Narcissism and Attachment Theories
Updated: Jan 18
I talk about attachment styles often in my blogs, attachment being the initial rapport we establish as infants with our main career, those very roots that will lay the path of our future personal relations, behaviours, choices and how we relate to others. During the first two years, how the parents or caregivers respond to their infants, particularly during times of distress, establishes the types of patterns of attachment their children form. These patterns will go on to guide the child’s feelings, thoughts and expectations as an adult in future relationships.
When early attachment objects are inconsistent, abusive, or neglectful, the developing individual needs a psychological mechanism which allows them to escape the conflict between the need for reaching out to the adult and the dread of being rejected, following these patterns of behaviour defence mechanisms may then develop. So what Narcissism really differentiate from other behaviours?
One school of thought is that narcissism is a result of arrested development, in which the person remains fixated at an infantile or very young age and only manifests in terms of their wants and needs. Emotional abuse can slowly creep up upon an otherwise healthy, innocent target, only to overwhelm the abused person’s sense of reality, self-confidence, over time.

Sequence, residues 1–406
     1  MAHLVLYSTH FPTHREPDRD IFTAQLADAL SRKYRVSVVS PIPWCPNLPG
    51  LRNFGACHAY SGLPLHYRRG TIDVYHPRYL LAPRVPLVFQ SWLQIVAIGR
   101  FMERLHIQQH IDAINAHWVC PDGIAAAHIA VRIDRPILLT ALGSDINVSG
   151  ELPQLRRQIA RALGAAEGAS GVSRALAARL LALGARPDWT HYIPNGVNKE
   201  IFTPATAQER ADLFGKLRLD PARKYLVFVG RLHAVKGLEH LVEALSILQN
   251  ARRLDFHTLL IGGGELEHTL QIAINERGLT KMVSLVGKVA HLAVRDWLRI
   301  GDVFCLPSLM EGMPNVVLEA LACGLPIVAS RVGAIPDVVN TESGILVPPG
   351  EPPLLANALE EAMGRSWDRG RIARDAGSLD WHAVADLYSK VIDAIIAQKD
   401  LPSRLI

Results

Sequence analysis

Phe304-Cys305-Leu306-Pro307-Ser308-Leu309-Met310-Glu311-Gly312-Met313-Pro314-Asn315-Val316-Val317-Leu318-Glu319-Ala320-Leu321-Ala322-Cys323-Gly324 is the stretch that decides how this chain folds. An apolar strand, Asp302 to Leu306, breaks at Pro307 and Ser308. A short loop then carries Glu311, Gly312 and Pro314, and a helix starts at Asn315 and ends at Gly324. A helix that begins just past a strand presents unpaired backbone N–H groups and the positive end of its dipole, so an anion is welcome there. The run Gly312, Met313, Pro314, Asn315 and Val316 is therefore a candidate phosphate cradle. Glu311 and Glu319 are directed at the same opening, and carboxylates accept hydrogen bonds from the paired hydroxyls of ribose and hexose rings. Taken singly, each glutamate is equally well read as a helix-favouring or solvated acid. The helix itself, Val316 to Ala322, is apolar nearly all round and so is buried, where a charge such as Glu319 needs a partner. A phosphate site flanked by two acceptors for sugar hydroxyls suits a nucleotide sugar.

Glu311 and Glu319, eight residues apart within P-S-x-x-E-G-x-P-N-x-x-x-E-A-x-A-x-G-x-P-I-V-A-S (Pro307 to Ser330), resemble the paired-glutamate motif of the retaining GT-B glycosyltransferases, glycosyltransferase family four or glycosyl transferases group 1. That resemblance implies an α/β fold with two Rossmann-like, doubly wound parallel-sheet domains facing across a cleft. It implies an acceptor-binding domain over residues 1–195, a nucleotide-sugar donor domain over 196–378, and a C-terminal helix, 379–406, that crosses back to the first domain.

While a power of grandiose sense of self importance and arrogance, a need for a excessive admiration ad sense of entitlement are a few components of a Narcissist and their display of behaviour, beneath the surface they also suffer fear of exposure, mood dysregulation, and fragility of self. Studies of attachment, such as Insecure attachment is a risk factor in development of personality disorder, clinical evidence support the studies of those effected developmental areas of the front limbic part of the brain, the link with early childhood adversity and the experience ad development of disorganised attachement lead to a dramatic failure to recognise emotions, processing feelings and the experience of emotions. especially social emotions. such as cooperation and contrition behaviours, personal boundaries and power control over social and interpersonal relationships.
Narcissists are deficient in feeling deep emotions, such as longing and sadness, and in relationships with others, they may experience feelings of indifference. The deep emotions narcissists feel are most often those that relate to personal ego-injuries.
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